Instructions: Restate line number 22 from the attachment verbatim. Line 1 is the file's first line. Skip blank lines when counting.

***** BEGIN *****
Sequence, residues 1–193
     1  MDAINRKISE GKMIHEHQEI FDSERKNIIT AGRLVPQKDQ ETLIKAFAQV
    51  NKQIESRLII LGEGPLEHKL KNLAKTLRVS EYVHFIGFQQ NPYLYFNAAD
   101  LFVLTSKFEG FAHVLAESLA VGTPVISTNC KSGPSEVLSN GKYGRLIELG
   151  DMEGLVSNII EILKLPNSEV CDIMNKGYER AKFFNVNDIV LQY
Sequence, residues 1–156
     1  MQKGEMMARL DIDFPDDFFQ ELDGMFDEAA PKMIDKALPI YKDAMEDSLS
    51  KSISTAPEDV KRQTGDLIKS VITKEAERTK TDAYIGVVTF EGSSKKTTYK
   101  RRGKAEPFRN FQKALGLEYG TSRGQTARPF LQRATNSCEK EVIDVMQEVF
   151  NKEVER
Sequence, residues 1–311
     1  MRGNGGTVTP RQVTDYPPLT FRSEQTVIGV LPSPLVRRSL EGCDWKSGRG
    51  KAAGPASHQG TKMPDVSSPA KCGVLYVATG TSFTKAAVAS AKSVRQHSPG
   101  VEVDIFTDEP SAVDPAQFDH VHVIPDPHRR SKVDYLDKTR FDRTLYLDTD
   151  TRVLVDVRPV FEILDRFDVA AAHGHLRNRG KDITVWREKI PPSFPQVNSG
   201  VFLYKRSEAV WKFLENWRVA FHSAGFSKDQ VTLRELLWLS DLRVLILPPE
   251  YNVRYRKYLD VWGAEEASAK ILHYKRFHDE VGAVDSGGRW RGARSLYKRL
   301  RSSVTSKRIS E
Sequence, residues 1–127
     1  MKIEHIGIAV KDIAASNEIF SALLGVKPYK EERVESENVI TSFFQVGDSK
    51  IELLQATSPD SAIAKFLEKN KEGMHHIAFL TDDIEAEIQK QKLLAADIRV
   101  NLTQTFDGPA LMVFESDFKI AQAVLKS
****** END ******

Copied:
   101  NLTQTFDGPA LMVFESDFKI AQAVLKS